35.Linder, J. A., Huang, E. S., Steinman, M. A., Gonzales, R., & Stafford, R. S. (2005). Fluoroquinolone prescribing in the United States: 1995-2002. The American Journal of Medicine, 118(3), 259-268. doi: 10.1016/j.amjmed.2004.09.015

36.Lipsky, B. A. & Baker, C. A. (1999). Fluoroquinolone toxicity profiles: A review focusing on newer agents. Clinical Infectious Diseases, 28(2), 352-364.

37.Lode, H. (1999). Potential interactions of the extended-spectrum fluoroquinolones with the CNS. Drug Safety, 21(2), 123-135.

38.Mandell, L. & Tillotson, G. (2002). Safety of fluoroquinolones: An update. The Canadian Journal of Infectious Diseases & Medical Microbiology, 13(1), 54-61.

39.Maxwell, A. (1992). The molecular basis of quinolone action. Journal of Antimicrobial Chemotherapy, 30, 409-416.

40.McConnell, J. G. (2008). Benzodiazepine tolerance, dependency, and withdrawal syndromes and interactions with fluoroquinolone antimicrobials. British Journal of General Practice, 58, 365-366. doi: 10.3399/bjgp08X280317

41.McEnvoy, G. K. (1999). American Hospital Formulary Service, Drug Information. American Society of Health-System Pharmacists, Bethesda, Maryland.

42.Moorthy, N, Raghavendra, N., & Venkatarathnamma, P. N. (2008). Levofloxacin-induced acute psychosis. Indian Journal of Psychiatry, 50(1), 57-58.

43.Neuhauser, M. M., Weinstein, R. A., Rydman, R., Danziger, L. H., Karam, G., & Quinn, J. P. (2003). Antibiotic resistance among gram-negative bacilli in US intensive care units. The Journal of the American Medical Association, 289(7), 885-888. doi: 10.1001/jama.289.7.885

44.Owens, R. C. & Ambrose, P. G. (2005). Antimicrobial safety: Focus on fluoroquinolones. Clinical Infectious Diseases, 41, S144-S1457.

45.Owens, R. C., Donskey, C. J., Gaynes, R. P., Loo, V. G., & Muto, C. A. (2008). Antimicrobial-associated risk factors for Clostridium difficile infection. Clinical Infectious Diseases, 46 (Suppl. 1), S19-S31.

46.Palomo, G. M., & Manfredi, G. (2015). Exploring new pathways of neurodegeneration in ALS: The role of mitochondria quality control. Brain Research, 1607, 36-46. doi: 10.1016/j.brainres.2014.09.065

47.Quinolone Vigilance Foundation (2016). Retrieved from

48.Roa, G. A., Mann, J. R., Shoaibi, A., Bennett, C. L., Nahhas, G., Sutton, S.S., Jacob S., & Strayer, S. M. (2014). Azithromycin and levofloxacin use and increased risk of cardiac arrhythmia and death. Annals of Family Medicine, 12(2), 121-127. doi: 10.1370/afm.1601

49.Sepci?, K., Perkovi?, O., Turel, I., & Sepci?, J. (2009). Adverse effects and interactions of fluoroquinolones. Lijec Vjesn, 131, 74-80. Abstract retrieved from

50.Shobo, A., Bajnath, S., Bratkowska, D. Naiker, S., Somboro, A. M., Bester, L. A, Singh, S. D., Naicker, T., Kruger, H. G., Govender, T. (2015). MALDI MSI and LC-MS/MS: Towards preclinical determination of the neurotoxic potential of fluoroquinolones. Drug Testing and Analysis, 1-7. doi: 10.1002/dta.1862

51.Slobodin, G., Elias, N., Zaygraikin, N., Sheikh-Ahmad, M., Sabetay, S., Weller, B., & Odeh, M. (2009). Levofloxacin-induced delirium. Neurological Sciences, 30, 159-161. doi: 10.1007/s10072-009-0027-9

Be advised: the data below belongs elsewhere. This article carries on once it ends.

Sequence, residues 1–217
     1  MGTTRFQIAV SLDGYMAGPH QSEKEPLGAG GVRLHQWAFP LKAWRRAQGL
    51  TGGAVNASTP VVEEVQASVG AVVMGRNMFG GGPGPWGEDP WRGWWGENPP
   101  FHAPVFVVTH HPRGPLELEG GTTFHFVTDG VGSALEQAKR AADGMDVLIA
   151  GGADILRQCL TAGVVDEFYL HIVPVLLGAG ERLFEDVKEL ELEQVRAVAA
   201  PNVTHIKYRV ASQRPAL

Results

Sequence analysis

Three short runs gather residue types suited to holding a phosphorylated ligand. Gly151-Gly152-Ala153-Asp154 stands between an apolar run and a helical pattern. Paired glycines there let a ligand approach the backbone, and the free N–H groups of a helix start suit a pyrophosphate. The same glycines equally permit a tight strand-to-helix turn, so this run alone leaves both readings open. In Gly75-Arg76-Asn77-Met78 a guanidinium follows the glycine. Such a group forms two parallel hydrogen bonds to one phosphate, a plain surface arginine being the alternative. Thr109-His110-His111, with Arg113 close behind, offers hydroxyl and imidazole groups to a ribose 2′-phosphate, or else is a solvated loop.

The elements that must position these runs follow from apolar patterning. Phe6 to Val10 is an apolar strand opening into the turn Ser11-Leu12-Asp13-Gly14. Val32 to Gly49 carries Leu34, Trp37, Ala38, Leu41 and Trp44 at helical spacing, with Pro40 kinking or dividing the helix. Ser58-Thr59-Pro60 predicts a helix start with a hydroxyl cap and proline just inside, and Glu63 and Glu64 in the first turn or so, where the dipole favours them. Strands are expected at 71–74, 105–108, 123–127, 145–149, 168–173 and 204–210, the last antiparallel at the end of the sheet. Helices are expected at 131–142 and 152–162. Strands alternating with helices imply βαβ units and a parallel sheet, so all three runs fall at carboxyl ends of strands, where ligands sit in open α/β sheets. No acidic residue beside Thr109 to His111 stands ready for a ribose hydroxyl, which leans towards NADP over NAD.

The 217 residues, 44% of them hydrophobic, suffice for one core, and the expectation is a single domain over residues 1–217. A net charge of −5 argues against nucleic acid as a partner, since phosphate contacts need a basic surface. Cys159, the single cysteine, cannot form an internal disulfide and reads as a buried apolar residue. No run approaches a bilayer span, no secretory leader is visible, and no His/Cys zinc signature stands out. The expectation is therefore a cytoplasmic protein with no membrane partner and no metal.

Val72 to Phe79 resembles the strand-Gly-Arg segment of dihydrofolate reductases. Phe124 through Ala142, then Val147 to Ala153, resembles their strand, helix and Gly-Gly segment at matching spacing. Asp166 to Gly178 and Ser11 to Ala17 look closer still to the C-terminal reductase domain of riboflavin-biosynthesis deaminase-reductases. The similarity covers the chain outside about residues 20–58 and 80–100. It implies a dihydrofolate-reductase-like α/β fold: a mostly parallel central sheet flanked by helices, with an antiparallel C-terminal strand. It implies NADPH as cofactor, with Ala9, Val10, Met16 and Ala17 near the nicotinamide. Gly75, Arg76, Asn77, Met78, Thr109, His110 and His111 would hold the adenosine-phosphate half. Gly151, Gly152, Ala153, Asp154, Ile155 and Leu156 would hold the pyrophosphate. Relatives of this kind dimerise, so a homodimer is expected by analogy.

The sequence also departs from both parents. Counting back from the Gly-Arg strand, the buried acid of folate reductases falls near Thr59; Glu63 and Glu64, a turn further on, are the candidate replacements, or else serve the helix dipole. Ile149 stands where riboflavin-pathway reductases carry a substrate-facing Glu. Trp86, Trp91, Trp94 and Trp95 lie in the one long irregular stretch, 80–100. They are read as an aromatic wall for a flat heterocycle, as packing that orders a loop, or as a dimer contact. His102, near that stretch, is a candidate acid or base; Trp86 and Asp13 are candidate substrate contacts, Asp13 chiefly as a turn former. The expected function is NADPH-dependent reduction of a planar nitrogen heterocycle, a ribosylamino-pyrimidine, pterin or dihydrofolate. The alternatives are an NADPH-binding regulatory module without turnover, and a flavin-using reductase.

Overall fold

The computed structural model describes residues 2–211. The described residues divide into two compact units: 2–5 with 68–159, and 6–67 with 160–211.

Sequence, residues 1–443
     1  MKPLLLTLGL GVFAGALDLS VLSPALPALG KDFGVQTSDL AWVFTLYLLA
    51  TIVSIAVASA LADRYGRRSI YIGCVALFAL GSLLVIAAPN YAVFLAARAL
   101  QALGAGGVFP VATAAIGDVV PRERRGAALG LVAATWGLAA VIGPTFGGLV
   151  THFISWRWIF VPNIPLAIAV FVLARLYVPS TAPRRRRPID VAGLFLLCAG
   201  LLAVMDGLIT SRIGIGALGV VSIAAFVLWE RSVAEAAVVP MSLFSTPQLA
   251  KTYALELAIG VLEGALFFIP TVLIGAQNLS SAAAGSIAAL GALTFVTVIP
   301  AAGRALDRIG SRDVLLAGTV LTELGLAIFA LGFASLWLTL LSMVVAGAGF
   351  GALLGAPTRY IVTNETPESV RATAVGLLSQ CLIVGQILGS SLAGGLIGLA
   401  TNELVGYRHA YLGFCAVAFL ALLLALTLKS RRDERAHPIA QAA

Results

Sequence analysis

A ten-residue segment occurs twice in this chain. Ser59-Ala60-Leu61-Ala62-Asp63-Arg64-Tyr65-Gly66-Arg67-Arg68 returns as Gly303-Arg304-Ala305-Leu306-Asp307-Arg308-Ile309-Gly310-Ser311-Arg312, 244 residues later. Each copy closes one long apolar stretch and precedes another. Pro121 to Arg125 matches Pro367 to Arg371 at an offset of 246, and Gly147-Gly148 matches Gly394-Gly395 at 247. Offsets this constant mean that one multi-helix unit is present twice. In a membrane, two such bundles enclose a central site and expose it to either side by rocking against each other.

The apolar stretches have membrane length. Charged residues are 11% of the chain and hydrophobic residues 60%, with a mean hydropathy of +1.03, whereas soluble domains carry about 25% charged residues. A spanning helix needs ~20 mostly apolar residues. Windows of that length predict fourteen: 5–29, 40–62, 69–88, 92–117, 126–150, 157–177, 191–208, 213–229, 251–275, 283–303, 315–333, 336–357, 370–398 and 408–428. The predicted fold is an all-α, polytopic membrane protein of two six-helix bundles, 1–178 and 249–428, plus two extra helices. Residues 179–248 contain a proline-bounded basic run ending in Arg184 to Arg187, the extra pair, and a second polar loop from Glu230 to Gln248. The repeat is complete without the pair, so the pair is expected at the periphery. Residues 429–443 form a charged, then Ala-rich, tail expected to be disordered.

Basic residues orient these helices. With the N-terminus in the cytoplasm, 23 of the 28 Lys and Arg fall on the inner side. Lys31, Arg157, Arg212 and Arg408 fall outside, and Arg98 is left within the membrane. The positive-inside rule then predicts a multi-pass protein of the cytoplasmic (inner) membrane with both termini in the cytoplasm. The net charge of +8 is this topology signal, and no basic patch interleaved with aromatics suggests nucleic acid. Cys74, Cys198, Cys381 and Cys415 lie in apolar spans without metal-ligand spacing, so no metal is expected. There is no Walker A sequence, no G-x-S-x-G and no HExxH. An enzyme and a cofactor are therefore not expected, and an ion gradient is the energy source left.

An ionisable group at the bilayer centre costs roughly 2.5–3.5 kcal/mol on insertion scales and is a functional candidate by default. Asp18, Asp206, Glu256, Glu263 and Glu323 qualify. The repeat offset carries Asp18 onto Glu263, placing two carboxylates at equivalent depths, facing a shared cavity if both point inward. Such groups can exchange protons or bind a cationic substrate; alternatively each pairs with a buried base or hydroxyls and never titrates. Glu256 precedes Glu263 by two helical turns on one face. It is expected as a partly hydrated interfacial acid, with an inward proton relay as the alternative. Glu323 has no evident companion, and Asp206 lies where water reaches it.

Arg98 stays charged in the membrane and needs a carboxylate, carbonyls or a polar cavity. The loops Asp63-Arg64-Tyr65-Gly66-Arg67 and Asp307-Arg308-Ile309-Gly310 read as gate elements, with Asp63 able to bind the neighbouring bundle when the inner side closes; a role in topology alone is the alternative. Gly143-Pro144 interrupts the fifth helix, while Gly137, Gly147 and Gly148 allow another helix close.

52.Sousa, J., Alves, G., Fortuna, A., Falcão, A. (2014). Third and fourth generation fluoroquinolone antibacterials: A systemic review of safety and toxicity profiles. Current Drug Safety, 9(2), 89-105.

53.Tomé, A. M. & Augusto, F. (2011). Quinolones: Review of psychiatric and neurological adverse reactions. Drug Safety, 34(6). 465-488.

54.Unseld, E., Ziegler, G., Gemeinhardt, A., Janssen, U., & Klotz, U. (1990). Possible interaction of fluoroquinolones with the benzodiazepine receptor complex. British Journal of Pharmacology, 30(1), 63-70.

55.van der Linden, P. D. , van de Lei, J., Nab, H. W., Knol, A., & Stricker, B. H. (1999). Achilles tendonitis associated with fluoroquinolones. British Journal of Clinical Pharmacology, 48(3), 433-437. doi: 10.1046/j.1365-2125.1999.00016.x

56.Walter, K. & Tyler, M. E. (2006). Severe corneal toxicity after topical fluoroquinolone therapy: report of two cases. Cornea, 25(7). 855-877.

57.Werner, N. L., Hecker, M. T., Sethi, A. K., & Donskey, C. J. (2011). Unnecessary use of fluoroquinolone antibiotics in hospitalized patients. BMC Infectious Diseases, 11, 1-7. doi: 10.1186/1471-2334-11-187

58.Winrow, A. P. & Supramaniam, G. (1990). Benign intracranial hypertension after ciprofloxacin administration. Archives Disease of Childhood, 65(10), 1165-1166.

59.Yasuda, H., Yoshida, A., Masuda, Y., Fukayama, M., Kita, Y., & Inamatsu, T. (1999). Levofloxacin-induced neurological adverse effects such as convulsion, involuntary movement (tremore, myoclonus and chorea like), visual hallucination in two elderly patients. Nihon Ronen, Igakkai, Zasshi, 36(3) 213-217. Abstract retrieved from

60.Zhao, X., Xu, C., Domagala, J. & Drilica, K. (1997). DNA topoisomerase targets of the fluoroquinolones. A strategy for avoiding bacterial resistance. Proceedings of the National Academy of Sciences, 94, 13991-13996.